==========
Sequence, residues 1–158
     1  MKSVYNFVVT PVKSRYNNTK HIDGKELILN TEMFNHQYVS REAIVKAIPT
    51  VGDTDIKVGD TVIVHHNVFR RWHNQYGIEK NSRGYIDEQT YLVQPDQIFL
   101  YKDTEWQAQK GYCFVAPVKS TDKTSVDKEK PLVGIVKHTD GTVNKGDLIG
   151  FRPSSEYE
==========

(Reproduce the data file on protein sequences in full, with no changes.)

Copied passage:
Sequence, residues 1–158
     1  MKSVYNFVVT PVKSRYNNTK HIDGKELILN TEMFNHQYVS REAIVKAIPT
    51  VGDTDIKVGD TVIVHHNVFR RWHNQYGIEK NSRGYIDEQT YLVQPDQIFL
   101  YKDTEWQAQK GYCFVAPVKS TDKTSVDKEK PLVGIVKHTD GTVNKGDLIG
   151  FRPSSEYE